Eric Schmidt was "completely wrong" about AI

Eric Schmidt, chairman of Google's parent company Alphabet, has admitted he got off on the wrong foot with AI.

Speaking at RSA Conference in San Francisco, Schmidt explained he had reservations about the technology, saying he didn't think it would scale or be general purpose enough to be useful. But, he said he "was proven completely wrong", according to Fortune.

With Alphabet having made an incredible amount of progress in the field, however, with the triumph of AlphaGo being one of its most recent public successes, Schmidt has changed his tune.

While stating that the technology is still in its infancy, he said he now understands its potential to fundamentally change the world.

AI now is able to emulate very complex processes, he said something that he had underestimated but acknowledged that we are still many decades from anything like human intelligence.

Nevertheless, AI has the potential to significantly improve our lives even in its current state.

"Things that bedevil us like traffic accidents and bad diagnoses in the medical system are going to get much better," he said, according to CNBC. "I will stake my reputation that that's going to be the real narrative over the next five years."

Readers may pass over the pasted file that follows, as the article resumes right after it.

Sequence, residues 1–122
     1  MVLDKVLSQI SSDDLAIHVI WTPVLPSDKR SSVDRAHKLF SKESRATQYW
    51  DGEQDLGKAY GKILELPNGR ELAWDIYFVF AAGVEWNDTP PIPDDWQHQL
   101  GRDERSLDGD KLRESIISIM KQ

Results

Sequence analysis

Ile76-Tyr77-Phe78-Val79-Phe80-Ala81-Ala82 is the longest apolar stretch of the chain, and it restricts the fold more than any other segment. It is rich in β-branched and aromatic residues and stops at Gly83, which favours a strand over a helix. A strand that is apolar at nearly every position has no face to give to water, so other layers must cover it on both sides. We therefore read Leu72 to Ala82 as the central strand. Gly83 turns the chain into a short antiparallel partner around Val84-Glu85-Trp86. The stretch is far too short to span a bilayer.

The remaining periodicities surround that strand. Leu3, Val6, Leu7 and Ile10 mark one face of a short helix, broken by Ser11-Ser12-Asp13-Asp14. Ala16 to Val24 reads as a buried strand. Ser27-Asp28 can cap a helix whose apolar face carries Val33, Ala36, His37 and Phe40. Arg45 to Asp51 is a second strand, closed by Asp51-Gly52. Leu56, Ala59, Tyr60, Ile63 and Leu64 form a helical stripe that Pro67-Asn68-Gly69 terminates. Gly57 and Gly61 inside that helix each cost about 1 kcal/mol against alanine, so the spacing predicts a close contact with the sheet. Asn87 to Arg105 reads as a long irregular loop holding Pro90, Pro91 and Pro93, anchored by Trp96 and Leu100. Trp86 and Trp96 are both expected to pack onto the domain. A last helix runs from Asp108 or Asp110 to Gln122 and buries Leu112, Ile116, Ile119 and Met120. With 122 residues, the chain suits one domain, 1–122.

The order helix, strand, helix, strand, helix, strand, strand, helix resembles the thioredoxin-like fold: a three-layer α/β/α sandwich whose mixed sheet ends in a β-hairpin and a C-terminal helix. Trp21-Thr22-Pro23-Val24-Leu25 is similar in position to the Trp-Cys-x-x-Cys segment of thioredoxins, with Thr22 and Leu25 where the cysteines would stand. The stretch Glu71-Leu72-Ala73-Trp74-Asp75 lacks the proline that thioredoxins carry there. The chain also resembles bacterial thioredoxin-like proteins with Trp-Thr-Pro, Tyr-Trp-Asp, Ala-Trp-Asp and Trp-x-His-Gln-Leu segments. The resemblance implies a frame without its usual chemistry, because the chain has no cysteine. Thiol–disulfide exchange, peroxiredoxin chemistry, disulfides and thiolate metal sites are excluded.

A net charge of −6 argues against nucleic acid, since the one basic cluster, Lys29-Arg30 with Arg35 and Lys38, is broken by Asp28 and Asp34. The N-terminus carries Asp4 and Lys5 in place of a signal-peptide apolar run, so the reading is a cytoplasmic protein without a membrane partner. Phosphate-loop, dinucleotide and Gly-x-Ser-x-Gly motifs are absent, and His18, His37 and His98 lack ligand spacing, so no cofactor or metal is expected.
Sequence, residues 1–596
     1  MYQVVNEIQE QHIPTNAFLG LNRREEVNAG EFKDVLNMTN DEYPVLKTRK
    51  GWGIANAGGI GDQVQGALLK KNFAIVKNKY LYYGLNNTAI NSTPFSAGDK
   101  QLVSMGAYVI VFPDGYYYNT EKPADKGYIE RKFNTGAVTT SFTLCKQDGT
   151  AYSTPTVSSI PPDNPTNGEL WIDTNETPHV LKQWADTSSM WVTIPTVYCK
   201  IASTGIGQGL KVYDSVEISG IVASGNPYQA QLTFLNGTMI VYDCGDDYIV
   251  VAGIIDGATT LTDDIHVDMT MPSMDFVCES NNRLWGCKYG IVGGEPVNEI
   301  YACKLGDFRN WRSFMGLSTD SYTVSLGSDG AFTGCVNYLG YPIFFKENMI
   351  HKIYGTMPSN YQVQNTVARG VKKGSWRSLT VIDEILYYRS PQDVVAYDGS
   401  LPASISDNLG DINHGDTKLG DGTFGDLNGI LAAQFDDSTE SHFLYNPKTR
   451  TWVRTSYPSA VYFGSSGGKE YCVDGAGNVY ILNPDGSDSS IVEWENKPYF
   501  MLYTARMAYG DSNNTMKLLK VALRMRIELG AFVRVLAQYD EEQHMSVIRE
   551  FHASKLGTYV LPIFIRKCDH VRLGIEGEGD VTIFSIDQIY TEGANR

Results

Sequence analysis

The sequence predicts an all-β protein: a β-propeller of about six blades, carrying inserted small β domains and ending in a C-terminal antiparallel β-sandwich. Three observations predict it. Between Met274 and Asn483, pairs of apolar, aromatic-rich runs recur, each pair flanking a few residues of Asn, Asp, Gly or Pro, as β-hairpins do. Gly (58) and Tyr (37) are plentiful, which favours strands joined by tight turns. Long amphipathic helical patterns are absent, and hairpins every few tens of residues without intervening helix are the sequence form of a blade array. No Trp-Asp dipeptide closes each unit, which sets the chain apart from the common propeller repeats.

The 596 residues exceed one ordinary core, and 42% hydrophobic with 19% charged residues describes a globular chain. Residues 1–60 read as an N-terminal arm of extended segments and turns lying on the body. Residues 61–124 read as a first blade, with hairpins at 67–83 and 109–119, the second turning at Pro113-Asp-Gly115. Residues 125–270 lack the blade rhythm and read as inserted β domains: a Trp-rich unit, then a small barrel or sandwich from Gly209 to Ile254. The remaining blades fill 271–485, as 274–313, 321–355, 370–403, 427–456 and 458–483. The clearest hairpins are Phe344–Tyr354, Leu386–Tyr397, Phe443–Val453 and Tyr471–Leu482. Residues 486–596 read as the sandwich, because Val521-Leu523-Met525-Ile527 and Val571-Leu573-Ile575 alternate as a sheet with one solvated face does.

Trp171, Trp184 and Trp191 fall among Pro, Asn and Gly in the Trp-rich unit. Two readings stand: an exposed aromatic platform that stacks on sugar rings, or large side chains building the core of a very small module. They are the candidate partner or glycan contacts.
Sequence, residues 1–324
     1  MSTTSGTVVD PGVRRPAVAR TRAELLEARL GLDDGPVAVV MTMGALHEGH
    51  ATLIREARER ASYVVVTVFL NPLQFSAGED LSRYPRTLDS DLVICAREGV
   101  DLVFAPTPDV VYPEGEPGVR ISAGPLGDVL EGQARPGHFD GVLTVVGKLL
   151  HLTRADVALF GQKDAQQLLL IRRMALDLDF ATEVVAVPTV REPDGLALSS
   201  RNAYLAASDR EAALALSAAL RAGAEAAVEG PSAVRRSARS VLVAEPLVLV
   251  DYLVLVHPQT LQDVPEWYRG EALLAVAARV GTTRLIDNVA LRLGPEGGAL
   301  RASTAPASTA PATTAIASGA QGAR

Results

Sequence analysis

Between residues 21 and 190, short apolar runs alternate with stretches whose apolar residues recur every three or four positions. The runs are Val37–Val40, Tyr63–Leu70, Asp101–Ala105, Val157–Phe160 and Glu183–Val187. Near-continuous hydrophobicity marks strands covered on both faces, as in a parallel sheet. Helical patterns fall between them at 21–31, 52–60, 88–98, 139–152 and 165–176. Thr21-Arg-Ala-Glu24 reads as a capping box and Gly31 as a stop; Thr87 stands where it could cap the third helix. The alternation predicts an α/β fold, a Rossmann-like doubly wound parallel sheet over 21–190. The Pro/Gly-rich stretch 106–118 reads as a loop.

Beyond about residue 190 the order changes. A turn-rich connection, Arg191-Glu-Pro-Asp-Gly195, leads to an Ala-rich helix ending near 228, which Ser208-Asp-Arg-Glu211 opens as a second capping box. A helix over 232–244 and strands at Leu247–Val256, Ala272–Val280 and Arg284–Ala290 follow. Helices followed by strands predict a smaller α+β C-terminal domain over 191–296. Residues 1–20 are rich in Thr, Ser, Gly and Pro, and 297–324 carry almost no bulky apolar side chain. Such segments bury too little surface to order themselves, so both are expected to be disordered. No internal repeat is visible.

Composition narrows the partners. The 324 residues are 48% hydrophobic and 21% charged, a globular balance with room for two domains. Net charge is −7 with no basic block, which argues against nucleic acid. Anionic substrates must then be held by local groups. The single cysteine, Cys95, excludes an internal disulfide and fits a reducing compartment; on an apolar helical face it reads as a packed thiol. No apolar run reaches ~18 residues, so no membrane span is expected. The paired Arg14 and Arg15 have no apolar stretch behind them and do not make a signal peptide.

As for the development of AI and machine learning, Schmidt said it must be done out in the open, and not left to the military to develop.

Sounding a similar tone to Brad Smith earlier in the week, Schmidt argued that there needs to be some kind of multilateral international agreement not to use AI to weaponise the internet.

Image Credit: LeWeb on Flickr

Jane McCallion
Managing Editor

Jane McCallion is ITPro's Managing Editor, specializing in data centers and enterprise IT infrastructure. Before becoming Managing Editor, she held the role of Deputy Editor and, prior to that, Features Editor, managing a pool of freelance and internal writers, while continuing to specialize in enterprise IT infrastructure, and business strategy.

Prior to joining ITPro, Jane was a freelance business journalist writing as both Jane McCallion and Jane Bordenave for titles such as European CEO, World Finance, and Business Excellence Magazine.